Have you been inspired by any good writing advice lately?

Friday, June 12, 2015

Creativity and the Human Brain

by Kelly Baugh


Recently I heard a TED Radio Hour episode about the interaction between creativity and dedication that set my little writer's heart fluttering. It was given by Charles Limb, a music cognition researcher for Johns Hopkins University.

Limb and his team had jazz musicians play some tunes while hooked up to MRI machines. They studied the differences in the brain and which parts of it were active when the musicians played memorized music versus improvised music.

Here's what they found:
When musicians played improvised music a large part of the prefrontal cortex of the brain almost completely shut down, specifically the area involved in conscious self-monitoring. In other words, the part of the brain that's tells you what's socially acceptable, what you need to do to fit in and what will make you look the least awkward, etc.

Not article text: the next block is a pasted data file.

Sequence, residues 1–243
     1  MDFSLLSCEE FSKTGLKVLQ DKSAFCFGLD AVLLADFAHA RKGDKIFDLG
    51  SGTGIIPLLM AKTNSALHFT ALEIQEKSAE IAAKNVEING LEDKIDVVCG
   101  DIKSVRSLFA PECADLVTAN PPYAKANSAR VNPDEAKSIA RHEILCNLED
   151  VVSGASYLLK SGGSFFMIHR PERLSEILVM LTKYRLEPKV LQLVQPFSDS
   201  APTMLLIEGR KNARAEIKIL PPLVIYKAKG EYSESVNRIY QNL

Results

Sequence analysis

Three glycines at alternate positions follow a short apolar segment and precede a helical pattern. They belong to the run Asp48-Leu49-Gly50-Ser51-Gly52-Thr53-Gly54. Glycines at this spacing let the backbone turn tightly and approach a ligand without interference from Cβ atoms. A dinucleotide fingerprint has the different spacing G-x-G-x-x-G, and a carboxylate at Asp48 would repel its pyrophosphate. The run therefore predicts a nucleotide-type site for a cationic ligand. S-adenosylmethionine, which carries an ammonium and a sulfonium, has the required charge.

At the same time, another area of the brain, the part that's thought to be autobiographical or self-expressive went into overdrive.

According to Limb, "We think that at least a reasonable hypothesis is that to be creative you have to have this weird dissociation in your frontal lobe. One area turns on and a big area shuts off so that you're not inhibited so that you're willing to make a mistake. You're not constantly shutting down all of these new generative impulses."

Limb speculates that someday scientists might be able to create pills that help activate and deactivate certain areas of the brain for optimal creativity.

If that sounds a little too Brave New World for you, Limb goes on to say, "I tend not to over-romanticize the idea [of creativity]. I think there's a bit of a myth that art  comes from some ethereal land of inspiration and just the lucky few are able to generate it. I mean, most artists have been working at their craft for their whole lives. They're putting hours and hours and hours into learning to play their instrument, or to paint or whatever it might be. This is something that they're practicing, it's not just magic. The idea that a professional musician can enter a flow state because they've practiced doing it is important."

Hard work, Creativity, and their interplay: the human brain is a beautiful thing.

Click here to listen to Limb's entire TED Talk What Does a Creative Brain Look Like?